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ABSTRACT: Telmisartan has been reported to have beneficial effects on insulin resistance and lipid profiles by acting as a peroxisome proliferator-activated receptor-γ (PPARγ) agonist. In this study we investigated the relationship between telmisartan dose and glycaemic control in Japanese subjects with type 2 diabetes mellitus and hypertension. Patients (n = 263) who were prescribed telmisartan 20, 40 or 80 mg/day at our clinic were retrospectively identified from our clinical database. Only patients without changes in their treatments for diabetes and hypertension for 6 months after starting telmisartan were included in this study. Glycosylated haemoglobin A(1c) (HbA(1c)) levels were measured at 0, 3 and 6 months after starting telmisartan. At 3 and 6 months after starting telmisartan, HbA(1c) levels were significantly decreased in patients treated with telmisartan 40 or 80 mg/day but not in patients treated with telmisartan 20 mg/day (mean ± standard error change at 6 months: -0.29 ± 0.10%, p < 0.001; -0.48 ± 0.15%, p < 0.001; and -0.03 ± 0.10%, p = 0.33; respectively). When patients were classified into two groups by telmisartan dose (20 vs ≥40 mg/day), there was no significant correlation between baseline HbA(1c) and change in HbA(1c) levels over time in the 20 mg/day group. However, in patients treated with ≥40 mg/day of telmisartan, baseline HbA(1c) was negatively correlated with the change in HbA(1c) at 6 months. Multiple regression analysis confirmed that baseline HbA(1c) and telmisartan dose were the predictive factors. Our results suggest that telmisartan influences glycaemic control in a dose-dependent manner; doses ≥40 mg/day may be needed to improve glycaemic control. Our data also suggest that patients with higher baseline HbA(1c) may experience greater improvements in glycaemic control with telmisartan.Clinical Drug Investigation 07/2012; 32(9):577-82. · 1.70 Impact Factor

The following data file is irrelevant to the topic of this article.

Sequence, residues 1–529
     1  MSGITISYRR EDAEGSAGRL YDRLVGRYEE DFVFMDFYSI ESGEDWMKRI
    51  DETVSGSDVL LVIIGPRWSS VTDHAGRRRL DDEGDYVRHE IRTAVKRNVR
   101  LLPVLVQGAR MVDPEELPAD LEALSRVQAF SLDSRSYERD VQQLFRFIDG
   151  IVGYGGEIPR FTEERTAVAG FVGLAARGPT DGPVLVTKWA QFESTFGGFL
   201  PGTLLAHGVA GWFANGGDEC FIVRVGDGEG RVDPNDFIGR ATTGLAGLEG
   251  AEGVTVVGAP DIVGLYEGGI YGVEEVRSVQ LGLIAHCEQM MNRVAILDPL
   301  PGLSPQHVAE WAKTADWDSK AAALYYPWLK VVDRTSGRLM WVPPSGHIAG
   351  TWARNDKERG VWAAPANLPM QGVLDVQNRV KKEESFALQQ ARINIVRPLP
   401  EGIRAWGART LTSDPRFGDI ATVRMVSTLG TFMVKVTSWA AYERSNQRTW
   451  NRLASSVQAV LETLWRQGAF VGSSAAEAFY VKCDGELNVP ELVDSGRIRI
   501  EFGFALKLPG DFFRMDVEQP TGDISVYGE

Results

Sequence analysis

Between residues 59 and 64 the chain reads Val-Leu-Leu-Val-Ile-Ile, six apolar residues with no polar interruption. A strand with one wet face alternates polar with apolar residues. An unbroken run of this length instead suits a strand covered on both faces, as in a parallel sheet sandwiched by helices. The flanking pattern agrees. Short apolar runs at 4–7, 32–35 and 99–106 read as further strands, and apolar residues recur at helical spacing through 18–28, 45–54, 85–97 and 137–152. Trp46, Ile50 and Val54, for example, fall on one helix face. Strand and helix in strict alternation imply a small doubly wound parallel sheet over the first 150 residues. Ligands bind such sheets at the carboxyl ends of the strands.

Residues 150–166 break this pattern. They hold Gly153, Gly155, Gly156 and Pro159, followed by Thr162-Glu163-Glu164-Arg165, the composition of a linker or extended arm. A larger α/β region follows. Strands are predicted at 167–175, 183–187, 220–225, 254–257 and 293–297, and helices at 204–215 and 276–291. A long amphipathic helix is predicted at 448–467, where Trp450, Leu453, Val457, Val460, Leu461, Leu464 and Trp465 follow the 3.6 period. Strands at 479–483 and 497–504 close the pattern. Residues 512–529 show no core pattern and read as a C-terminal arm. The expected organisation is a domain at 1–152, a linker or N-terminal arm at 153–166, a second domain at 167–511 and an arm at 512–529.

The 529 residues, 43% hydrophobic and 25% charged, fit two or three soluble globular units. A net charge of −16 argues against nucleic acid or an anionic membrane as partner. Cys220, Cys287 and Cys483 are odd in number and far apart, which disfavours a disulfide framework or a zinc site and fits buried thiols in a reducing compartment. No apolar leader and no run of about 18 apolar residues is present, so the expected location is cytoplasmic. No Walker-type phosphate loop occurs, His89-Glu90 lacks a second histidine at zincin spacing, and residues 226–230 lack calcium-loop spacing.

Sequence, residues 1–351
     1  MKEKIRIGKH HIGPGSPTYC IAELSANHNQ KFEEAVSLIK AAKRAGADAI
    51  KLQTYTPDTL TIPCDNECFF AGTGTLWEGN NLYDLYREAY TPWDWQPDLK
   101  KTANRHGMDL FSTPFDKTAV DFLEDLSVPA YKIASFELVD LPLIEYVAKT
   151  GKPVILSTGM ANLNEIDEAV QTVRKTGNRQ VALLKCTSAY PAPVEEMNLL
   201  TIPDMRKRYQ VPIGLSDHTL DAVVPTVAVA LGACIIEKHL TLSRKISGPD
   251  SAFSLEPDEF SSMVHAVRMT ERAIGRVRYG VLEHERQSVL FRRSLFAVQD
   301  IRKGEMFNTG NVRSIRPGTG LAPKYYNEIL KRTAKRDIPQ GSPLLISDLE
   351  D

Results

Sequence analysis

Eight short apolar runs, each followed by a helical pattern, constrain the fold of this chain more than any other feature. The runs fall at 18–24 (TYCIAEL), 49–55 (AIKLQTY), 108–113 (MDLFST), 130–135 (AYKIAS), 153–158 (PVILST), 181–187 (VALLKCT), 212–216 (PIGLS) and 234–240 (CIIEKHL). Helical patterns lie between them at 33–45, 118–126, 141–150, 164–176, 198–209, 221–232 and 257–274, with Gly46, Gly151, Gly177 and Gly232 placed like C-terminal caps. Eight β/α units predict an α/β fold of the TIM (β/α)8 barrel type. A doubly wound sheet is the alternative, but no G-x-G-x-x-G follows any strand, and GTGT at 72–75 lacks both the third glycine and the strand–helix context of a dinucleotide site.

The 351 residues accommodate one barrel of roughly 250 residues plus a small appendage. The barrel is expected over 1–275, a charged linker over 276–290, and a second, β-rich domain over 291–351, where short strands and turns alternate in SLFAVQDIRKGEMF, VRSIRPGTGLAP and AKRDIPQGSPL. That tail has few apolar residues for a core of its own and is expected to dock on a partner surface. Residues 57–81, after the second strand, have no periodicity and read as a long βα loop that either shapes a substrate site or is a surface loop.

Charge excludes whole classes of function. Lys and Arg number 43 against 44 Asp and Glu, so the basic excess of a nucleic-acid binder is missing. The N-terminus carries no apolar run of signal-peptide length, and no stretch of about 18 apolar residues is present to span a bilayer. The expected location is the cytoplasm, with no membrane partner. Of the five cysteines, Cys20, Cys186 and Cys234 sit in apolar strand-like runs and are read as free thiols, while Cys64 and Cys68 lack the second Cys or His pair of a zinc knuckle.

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ABSTRACT: An association exists between hyperaldosteronism, hypertension and impaired insulin action. Eplerenone is a selective mineralocorticoid receptor antagonist; however, little is known about its effects on insulin action. The aim of this study was to determine the effect of eplerenone on insulin action in hypertensive adults, using the hyperinsulinaemic euglycaemic clamp. A randomised, controlled, double-blind, crossover design was employed. After a 6-week washout period, hypertensive, non-diabetic patients were treated with either eplerenone 25 mg twice daily or doxazosin 2 mg twice daily for 12 weeks. After each treatment period, insulin action was assessed by a hyperinsulinaemic euglycaemic clamp, with isotope dilution methodology. After washout, treatment groups were crossed over. Fifteen patients completed the study. There were no differences in fasting glucose, or fasting insulin between treatment with eplerenone or doxazosin. The measure of overall insulin sensitivity, exogenous glucose infusion rates during the last 30 min of the clamp, was similar with both treatments; 23.4 (3.9) μmol kg(-1) min(-1) after eplerenone and 23.3 (3.6) μmol kg(-1) min(-1) after doxazosin (P=0.83). Isotopically determined fasting endogenous glucose production rates were similar after both treatments (eplerenone 9.4 (0.6) μmol kg(-1) min(-1) vs doxazosin 10.6 (0.7) μmol kg(-1) min(-1)). There was a trend for lower endogenous glucose production rates during hyperinsulinaemia following eplerenone compared with doxazosin (2.0 (0.8) μmol kg(-1) min(-1) vs 4.1 (0.9) μmol kg(-1) min(-1)). There was no difference in insulin stimulated peripheral glucose utilisation rates after treatment with eplerenone or doxazosin (25.4 (3.6) μmol kg(-1) min(-1) vs 27.0 (3.9) μmol kg(-1) min(-1)). This study gives reassuring evidence of the neutral effect of eplerenone on insulin action in hypertensive, non-diabetic patients.Journal of Human Hypertension advance online publication, 17 April 2014; doi:10.1038/jhh.2014.19.Journal of human hypertension 04/2014; · 2.80 Impact Factor